Neena Satija Reporter

Neena Satija covers the environment for the Tribune. A native of the Washington, D.C. area, she graduated from Yale University in 2011, and then worked for a number of area news outlets, including the New Haven Independent, the Connecticut Mirror, and WNPR/Connecticut Public Radio. She has also been a regular contributor to National Public Radio. She previously worked for the Toledo Blade, the Dallas Morning News, and the Boston Globe. In her spare time, she enjoys singing (especially in group settings), running, and playing the addictive board game Settlers of Catan. As an East Coast transplant she is particularly thrilled with Austin tacos and warm weather.

Recent Contributions

Texas Parks Hoping for a Funding Boost

Texas is home to 95 state parks, including Boca Chica State Park.
Texas is home to 95 state parks, including Boca Chica State Park.

State parks are crumbling under the weight of decades of deferred maintenance. Lawmakers and state officials say they desperately need a funding boost from the 84th Legislature — and not just for the next two years. 

Friday Night Football Returns to Water Politics

Texas Governor Rick Perry ceremonially signed House Bill 4, which lays the foundation for Texas' future water needs. He is joined by Lt. Gov. David Dewhurst, Speaker Joe Straus, Rep. Allan Ritter, R-Nederland and Sen. Troy Fraser, R-Horseshoe Bay on May 28, 2013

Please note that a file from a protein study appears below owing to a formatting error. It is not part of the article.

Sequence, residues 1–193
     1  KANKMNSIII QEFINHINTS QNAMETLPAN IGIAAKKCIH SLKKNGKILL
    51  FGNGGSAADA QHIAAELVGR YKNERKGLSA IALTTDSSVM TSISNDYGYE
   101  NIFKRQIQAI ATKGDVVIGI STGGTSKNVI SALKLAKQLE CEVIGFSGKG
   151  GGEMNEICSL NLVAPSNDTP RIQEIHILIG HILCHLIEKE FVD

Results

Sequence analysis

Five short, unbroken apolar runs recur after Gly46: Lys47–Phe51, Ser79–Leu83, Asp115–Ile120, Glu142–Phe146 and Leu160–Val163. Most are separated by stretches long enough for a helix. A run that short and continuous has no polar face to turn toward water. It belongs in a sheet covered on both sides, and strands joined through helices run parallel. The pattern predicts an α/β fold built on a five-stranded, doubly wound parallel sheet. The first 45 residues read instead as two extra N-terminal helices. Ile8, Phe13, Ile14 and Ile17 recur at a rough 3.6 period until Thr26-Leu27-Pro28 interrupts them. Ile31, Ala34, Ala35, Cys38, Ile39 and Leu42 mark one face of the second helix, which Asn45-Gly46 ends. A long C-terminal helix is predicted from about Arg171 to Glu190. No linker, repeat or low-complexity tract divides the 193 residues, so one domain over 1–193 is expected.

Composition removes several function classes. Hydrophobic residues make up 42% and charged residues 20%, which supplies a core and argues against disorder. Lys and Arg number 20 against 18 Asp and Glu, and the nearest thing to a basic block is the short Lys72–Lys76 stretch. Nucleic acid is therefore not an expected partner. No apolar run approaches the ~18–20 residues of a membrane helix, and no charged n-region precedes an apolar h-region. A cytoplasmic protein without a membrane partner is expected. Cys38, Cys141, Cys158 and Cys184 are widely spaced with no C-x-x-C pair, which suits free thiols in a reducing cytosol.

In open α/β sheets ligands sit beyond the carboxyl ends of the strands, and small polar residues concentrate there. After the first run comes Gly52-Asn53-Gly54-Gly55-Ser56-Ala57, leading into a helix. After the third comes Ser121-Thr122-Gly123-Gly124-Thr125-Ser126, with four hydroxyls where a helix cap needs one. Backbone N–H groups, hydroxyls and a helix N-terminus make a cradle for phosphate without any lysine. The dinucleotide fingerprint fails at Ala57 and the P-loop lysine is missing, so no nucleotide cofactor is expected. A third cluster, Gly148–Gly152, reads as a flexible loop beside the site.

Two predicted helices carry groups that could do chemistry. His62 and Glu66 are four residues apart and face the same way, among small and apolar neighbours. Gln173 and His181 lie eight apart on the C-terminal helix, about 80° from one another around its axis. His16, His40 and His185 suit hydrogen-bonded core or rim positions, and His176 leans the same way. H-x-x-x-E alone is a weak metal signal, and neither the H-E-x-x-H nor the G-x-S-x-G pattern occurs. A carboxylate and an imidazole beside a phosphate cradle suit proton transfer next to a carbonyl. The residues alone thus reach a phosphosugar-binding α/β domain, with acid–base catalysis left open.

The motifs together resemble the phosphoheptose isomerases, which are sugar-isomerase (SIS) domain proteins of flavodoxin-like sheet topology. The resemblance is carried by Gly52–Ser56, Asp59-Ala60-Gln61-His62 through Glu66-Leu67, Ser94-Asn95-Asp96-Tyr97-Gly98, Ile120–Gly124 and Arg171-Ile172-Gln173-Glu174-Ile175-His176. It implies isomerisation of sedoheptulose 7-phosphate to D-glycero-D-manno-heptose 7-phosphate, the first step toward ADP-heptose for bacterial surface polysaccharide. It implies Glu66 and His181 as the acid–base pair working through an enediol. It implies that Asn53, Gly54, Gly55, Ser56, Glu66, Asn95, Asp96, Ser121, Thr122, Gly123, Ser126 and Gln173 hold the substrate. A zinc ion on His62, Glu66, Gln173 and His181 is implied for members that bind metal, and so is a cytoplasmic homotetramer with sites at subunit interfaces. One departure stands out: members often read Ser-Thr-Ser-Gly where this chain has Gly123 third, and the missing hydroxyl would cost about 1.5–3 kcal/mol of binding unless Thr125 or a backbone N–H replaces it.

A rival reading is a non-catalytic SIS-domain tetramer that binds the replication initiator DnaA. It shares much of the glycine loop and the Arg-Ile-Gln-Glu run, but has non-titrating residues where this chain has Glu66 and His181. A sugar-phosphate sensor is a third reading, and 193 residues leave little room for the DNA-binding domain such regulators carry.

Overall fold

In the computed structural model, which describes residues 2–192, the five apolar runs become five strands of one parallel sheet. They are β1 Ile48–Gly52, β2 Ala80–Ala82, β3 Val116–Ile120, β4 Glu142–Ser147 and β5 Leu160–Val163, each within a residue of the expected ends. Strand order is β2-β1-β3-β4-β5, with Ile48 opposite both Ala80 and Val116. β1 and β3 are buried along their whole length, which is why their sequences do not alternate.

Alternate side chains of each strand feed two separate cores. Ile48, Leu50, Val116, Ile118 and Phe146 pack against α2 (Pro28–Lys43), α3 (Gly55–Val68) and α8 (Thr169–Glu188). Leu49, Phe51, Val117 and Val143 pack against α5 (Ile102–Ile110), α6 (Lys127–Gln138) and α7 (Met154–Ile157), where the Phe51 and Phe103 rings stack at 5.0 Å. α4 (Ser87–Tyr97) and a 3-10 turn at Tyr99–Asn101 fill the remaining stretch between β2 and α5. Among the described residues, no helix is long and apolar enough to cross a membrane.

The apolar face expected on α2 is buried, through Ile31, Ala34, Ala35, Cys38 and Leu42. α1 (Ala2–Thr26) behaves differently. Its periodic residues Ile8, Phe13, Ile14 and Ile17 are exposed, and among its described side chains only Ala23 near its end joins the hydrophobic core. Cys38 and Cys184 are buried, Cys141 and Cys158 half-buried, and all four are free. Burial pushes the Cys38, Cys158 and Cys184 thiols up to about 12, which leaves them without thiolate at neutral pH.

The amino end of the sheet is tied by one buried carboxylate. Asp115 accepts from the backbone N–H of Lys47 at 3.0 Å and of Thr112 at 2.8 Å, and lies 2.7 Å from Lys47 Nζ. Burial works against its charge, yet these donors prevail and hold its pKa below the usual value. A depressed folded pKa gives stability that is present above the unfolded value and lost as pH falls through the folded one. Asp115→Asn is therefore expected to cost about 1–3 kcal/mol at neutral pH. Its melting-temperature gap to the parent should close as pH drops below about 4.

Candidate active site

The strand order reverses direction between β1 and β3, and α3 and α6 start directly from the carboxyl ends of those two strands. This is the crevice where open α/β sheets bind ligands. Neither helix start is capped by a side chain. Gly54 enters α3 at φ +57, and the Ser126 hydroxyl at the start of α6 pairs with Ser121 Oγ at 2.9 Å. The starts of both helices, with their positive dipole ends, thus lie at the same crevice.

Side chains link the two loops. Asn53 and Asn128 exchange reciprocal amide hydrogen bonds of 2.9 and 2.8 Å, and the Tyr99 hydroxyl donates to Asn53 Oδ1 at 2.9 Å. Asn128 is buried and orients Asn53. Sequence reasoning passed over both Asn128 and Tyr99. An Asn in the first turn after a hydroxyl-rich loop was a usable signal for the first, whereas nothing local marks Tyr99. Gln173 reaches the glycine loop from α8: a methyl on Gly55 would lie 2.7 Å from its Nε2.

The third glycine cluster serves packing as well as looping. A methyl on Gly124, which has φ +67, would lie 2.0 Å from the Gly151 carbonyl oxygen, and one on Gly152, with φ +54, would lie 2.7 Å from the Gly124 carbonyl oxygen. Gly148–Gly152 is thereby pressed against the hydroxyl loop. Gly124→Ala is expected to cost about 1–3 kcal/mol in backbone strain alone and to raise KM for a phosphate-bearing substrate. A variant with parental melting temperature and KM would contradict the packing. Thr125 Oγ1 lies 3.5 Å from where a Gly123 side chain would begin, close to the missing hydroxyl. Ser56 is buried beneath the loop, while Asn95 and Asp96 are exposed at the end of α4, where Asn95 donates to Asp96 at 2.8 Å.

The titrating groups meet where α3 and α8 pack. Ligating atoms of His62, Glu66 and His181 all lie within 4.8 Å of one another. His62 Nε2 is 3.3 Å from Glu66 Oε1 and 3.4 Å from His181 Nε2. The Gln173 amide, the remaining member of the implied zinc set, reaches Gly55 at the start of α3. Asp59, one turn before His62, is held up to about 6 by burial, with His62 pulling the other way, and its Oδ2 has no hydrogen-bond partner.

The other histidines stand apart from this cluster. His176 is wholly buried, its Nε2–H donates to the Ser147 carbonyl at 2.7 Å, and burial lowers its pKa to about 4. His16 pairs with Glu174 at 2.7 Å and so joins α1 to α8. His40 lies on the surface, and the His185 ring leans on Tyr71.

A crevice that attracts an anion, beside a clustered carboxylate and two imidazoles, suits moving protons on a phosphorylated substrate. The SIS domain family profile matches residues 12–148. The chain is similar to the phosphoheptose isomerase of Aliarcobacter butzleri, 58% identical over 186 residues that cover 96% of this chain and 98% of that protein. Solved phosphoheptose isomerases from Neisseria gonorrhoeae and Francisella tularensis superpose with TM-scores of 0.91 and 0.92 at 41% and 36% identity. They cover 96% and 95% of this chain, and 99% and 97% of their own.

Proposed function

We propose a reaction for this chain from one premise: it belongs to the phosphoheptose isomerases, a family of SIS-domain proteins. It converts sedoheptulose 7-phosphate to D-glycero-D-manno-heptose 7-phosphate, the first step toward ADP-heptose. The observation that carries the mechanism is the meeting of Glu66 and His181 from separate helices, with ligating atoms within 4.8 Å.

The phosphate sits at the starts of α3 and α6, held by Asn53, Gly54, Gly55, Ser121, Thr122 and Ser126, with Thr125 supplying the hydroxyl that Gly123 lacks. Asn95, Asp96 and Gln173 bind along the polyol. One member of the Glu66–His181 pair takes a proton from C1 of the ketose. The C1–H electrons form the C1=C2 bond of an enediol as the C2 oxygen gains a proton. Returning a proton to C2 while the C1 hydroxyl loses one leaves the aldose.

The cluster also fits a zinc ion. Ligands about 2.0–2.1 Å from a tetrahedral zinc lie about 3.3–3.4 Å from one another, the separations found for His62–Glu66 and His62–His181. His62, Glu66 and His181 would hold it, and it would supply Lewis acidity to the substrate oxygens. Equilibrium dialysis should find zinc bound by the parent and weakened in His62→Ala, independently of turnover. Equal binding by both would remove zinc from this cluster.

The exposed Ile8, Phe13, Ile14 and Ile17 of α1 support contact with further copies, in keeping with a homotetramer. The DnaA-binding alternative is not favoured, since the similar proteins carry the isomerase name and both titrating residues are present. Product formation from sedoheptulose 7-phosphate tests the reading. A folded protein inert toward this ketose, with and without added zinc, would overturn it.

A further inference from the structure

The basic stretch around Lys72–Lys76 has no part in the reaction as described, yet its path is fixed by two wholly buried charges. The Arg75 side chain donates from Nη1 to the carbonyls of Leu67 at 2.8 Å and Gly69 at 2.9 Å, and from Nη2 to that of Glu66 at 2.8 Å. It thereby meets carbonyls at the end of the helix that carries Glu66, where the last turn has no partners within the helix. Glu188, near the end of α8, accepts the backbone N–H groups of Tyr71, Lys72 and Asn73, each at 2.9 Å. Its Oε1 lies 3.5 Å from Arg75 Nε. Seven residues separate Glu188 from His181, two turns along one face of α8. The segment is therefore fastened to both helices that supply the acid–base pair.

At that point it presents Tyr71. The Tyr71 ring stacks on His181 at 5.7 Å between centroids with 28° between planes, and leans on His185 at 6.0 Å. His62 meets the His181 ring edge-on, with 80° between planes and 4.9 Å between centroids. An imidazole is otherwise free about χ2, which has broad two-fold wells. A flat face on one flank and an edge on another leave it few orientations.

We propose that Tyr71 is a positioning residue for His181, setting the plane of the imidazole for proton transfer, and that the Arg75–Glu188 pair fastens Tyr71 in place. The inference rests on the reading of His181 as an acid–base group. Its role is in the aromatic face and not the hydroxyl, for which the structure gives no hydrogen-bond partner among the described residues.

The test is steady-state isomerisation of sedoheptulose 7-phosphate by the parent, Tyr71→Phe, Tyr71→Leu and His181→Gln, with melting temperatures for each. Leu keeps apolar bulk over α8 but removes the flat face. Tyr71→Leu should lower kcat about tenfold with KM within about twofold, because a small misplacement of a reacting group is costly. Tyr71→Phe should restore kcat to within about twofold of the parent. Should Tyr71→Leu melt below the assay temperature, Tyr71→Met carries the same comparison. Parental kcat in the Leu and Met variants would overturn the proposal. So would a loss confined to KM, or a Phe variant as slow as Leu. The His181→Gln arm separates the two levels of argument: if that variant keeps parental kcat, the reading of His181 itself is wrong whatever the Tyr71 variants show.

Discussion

Texas Governor Rick Perry ceremonially signed House Bill 4, which lays the foundation for Texas' future water needs. He is joined by Lt. Gov. David Dewhurst, Speaker Joe Straus, Rep. Allan Ritter, R-Nederland and Sen. Troy Fraser, R-Horseshoe Bay on May 28, 2013

Two years ago, the drought prompted a rare outbreak of teamwork as lawmakers from both parties and most corners of Texas together crafted a $2 billion fund to provide more water. This session, though, it looks like we're going back to good old-fashioned water rivalries.

Groundwater Wars Brewing in Austin's Suburbs

Electro Purification's wells (the yellow dots on the map) are outside any regulator's purview. They're also near many other wells that depend on the Trinity Aquifer (the blue and green dots).
Electro Purification's wells (the yellow dots on the map) are outside any regulator's purview. They're also near many other wells that depend on the Trinity Aquifer (the blue and green dots).

A crack in Texas' mishmash groundwater regulatory framework is allowing a water company to pump a huge amount of water from underneath Hays County with virtually no oversight. 

No Word Yet From Abbott on Special Election Runoffs

State Reps. José Menéndez (left) and Trey Martinez Fischer, both Democrats from San Antonio, are seeking the Texas Senate seat vacated by Leticia Van de Putte, who is running for mayor of San Antonio.
State Reps. José Menéndez (left) and Trey Martinez Fischer, both Democrats from San Antonio, are seeking the Texas Senate seat vacated by Leticia Van de Putte, who is running for mayor of San Antonio.
Texas Weekly

The work of setting up committees has begun in both chambers, and an interesting poll surfaces on support for ending diversions from the sporting goods tax.

Obama's Methane Plan: Why It Matters for Texas

Workers with Bee Cave Drilling install a jackhammer bit on the drilling rig while putting in a water well on a private lot in Spicewood, Texas on February 6, 2012.
Workers with Bee Cave Drilling install a jackhammer bit on the drilling rig while putting in a water well on a private lot in Spicewood, Texas on February 6, 2012.

On Wednesday, the Obama administration announced another major plan to combat climate change that aims to slash emissions of methane gas in the next decade by almost a half. Here’s why that’s a big deal for Texas.